POWHATAN, Va. -- Most teenagers would rather do anything than give up their electronic devices. For the most part, they make life easier, but sometimes less becomes more, and simple beats complex.
The best athletes in any sport are usually the ones who love it the most.
Seventeen-year-old J.D. McMillan of Powhatan began playing football as a youth, but there was something about wrestling that grabbed his interest like a full nelson, and never let go.
"I'm more of a one-on-one, it's all on me rather than it being a team thing," JD explained. "I love wrestling for the sole fact that you can't blame anybody else but yourself."
"J.D. is a strong, physical wrestler," said Zach Olsen, Powhatan's assistant wrestling coach. "What you see is what you get and when you shake hands, he comes at you."
J.D. won a state title as an 8th grader and was the Conference 20 champion and regional runner-up last year.
As sporting events go, wrestling meets are as full of excitement and energy as anything else.
But where most wrestlers hear the screaming and shouting of excited parents, fans and coaches, J.D. wrestles in complete silence.
J.D. was born deaf and has worn cochlear implants since he was a toddler. It was his first meeting with a former wrestling coach that reverted his wrestling world from full volume to silence.
"My mom came in, told him hey, my son is deaf," J.D. recalled. "We have these cochlear implants. Mike asked if they were insured, found out they were, put them in his pocket, told her she can come back and pick me up at 4."
"He loved it, loved it from the first day," said J.D.'s mom, Jill.
"It was so him."
It may not make sense to many of us to take an ability away from an athlete to make them better, but that's what has happened to J.D. His current coaches believe he wouldn't be as good as he is if he could actually hear during matches.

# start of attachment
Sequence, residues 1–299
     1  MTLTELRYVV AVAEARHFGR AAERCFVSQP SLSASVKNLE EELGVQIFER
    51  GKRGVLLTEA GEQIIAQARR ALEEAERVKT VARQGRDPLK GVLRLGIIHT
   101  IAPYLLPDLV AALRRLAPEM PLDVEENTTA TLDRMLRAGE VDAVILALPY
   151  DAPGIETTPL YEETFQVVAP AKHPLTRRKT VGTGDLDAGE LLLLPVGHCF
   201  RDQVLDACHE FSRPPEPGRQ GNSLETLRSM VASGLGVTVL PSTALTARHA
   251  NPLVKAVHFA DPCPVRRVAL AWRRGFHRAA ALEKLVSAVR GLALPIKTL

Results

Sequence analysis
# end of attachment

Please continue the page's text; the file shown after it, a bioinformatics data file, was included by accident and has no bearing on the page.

"It helps me focus" J.D. said. "I don't have to worry about all that outside noise of parents screaming, the other refs screaming, the other coaches screaming. I can just focus on my match and what I need to do to win."
"It's always a shock. It catches the refs by surprise" Olsen added. "No matter how many refs we get on a consistent basis, you have to remind them you've gotta touch him or he won't stop."
"Mike taught me, when I wrestle, I'm not going to get anything from the refs. I'm not going to get anything from the other team. I'm not going to get anything other than me doing my hard work" said J.D.
Mike, is Mike Walter, the founder of the Blackhawk Wrestling gym in Powhatan, and a former Special Agent with the Virginia State Police. Walter was killed in the line of duty in May of 2017. Like so many he trained and mentored in the past, J.D. now wrestles with the memory of Walter's influence every time he walks onto the mat.
"He sat down when he didn't need to and we learned our own signals and our own sign language for me on the mat" J.D. said. "I looked at him and he would let me know what I needed to do."
"Looking at Mike, you wouldn't know the amount that he's done for this community, for kids in general, giving them a real chance to succeed against adversity" Olsen said. "Just showing that he cared."
"You can't replace him" said Jill, fighting back tears. "I miss him, We all do. He's been very important in our home. With J.D. especially, there's a hole that a young man shouldn't have to have."
"His dream was, on his last match of high school, was to have Mike coach him and now he can't have that."
"Every time I look in the stands, I want to see him, but he's not there" J.D. said. "There are moments when I'm wrestling when I think, dang, I wish he could be here to watch this."
J.D. has a record of 26-6 this year and looks to win his 100th career match at the 4A regionals.
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